It becomes like a sucking quicksand to get into that. Another thing I've been criticised before is that 'you don't call the African government to account' and it's a totally valid criticism but for me, Umbeki and the whole denialist thing is really another film. It's such a big topic. It takes you in another direction.
Our film is very much about there were certain people who could have done something that would have made even Mbeki's denialism irrelvant. There's a lot of things that sprung up in the wake of the lack of drugs and reactions but the fundamental problem was the lack of access to drugs and that comes from monopoly pricing.
AW: What about the importance of India in the film?
DMG: What is really important to me is that people understand that things don't happen by accident. The whole lineage of solving this problem basically goes back to Mahatma Gandhi. That's not just the inspiration of Mahatma Gandhi on the founding of Cipla and the whole idea of self-reliance in India. The key element of the Gandhian idelogy is self-reliance and not being dependent and not accepting monopolies and all those things. But also civil disobedience in Zackie Ahmed's boycott of anti-retrovirals. He was very conscious of doing this as a Gandhian act. And the [Indian] patent law changing in 1970 was also very much in line with the idea of self-reliance and saying India cannot afford monopolies on medicine and food because there's just too much need in the country. I think no country can afford it but if you look at all the people who live in poverty worlwide, probably about 40 per cent of them live in India. So there's just an immense amount of need.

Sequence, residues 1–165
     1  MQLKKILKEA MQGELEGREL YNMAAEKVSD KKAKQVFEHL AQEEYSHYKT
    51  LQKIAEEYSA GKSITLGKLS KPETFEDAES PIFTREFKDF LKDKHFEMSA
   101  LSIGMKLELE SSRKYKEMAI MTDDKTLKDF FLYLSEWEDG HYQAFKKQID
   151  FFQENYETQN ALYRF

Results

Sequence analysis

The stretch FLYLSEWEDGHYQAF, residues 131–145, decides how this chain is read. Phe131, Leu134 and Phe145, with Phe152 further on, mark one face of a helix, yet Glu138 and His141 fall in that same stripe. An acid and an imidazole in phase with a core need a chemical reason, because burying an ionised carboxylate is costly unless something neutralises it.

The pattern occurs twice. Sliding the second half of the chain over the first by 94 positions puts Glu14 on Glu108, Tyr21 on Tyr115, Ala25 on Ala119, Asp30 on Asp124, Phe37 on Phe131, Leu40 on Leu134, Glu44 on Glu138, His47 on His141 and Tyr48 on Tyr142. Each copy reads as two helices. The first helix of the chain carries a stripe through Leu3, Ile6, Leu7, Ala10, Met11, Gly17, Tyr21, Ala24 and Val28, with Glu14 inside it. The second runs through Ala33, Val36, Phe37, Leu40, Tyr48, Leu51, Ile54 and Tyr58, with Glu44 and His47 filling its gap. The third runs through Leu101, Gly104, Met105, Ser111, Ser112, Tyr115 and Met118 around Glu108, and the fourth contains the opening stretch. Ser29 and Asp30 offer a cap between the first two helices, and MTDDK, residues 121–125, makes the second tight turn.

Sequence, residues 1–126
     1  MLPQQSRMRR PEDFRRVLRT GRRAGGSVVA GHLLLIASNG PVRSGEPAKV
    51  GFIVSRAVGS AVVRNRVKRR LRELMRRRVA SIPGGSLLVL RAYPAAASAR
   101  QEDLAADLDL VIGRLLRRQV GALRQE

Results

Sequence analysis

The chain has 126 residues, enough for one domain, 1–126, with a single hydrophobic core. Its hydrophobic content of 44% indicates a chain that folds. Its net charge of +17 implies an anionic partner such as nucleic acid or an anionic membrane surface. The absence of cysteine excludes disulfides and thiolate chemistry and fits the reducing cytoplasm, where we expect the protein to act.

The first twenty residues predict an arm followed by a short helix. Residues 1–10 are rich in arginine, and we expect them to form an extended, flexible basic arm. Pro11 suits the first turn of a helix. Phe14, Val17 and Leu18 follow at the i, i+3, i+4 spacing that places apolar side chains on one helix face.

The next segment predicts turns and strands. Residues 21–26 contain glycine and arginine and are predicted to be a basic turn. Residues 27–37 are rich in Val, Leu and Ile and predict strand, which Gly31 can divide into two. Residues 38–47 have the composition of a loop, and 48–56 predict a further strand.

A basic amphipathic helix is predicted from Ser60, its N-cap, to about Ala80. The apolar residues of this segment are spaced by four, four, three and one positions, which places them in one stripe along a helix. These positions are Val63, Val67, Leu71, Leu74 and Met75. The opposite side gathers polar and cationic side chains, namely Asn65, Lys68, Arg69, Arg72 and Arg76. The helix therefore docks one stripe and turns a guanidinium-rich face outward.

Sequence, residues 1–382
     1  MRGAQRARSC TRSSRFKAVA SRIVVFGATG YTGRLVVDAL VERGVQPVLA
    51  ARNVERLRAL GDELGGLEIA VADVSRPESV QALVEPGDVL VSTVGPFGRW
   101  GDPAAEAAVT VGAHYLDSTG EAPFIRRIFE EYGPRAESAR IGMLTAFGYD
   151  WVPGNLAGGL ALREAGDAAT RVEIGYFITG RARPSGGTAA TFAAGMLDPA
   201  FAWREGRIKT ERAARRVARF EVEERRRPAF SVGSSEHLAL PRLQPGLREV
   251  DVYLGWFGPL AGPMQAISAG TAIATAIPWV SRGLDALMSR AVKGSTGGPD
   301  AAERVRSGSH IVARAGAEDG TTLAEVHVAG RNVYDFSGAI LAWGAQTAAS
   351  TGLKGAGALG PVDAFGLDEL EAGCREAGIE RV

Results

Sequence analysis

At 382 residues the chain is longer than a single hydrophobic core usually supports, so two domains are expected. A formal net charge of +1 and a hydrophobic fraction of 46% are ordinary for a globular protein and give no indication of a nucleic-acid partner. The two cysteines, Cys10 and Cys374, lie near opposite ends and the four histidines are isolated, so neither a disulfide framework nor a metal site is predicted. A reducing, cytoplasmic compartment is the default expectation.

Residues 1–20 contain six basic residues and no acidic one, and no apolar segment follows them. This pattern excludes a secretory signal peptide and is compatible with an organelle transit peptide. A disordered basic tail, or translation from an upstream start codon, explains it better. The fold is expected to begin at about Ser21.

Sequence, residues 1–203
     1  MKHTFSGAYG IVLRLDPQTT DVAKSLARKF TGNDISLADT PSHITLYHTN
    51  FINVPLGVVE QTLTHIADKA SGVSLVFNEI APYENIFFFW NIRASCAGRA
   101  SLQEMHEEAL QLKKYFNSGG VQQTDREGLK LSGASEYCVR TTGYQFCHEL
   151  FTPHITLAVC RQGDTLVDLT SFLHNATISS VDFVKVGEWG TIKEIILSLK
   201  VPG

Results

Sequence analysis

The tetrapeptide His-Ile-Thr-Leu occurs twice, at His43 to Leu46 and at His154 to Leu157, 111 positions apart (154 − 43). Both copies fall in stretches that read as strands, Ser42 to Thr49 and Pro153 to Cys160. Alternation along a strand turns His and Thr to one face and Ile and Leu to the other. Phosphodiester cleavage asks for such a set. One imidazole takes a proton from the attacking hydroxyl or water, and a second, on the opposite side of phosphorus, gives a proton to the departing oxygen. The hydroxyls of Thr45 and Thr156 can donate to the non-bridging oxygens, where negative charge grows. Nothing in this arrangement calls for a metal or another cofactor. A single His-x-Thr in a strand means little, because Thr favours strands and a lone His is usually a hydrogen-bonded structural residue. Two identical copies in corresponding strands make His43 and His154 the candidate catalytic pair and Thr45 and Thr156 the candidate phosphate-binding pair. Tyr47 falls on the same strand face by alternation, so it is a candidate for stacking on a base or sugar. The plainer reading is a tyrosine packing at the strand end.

Of course, all these corporations will say, no India's a rich country, it's a middle income country and, yes, there are probably 50 million or so quite well off people in India, but there's at least 800 or 900 million people who live very poor lives in India and have a lot of hardship to deal with. So, this is the thing - that's bigger than the whole population of Africa.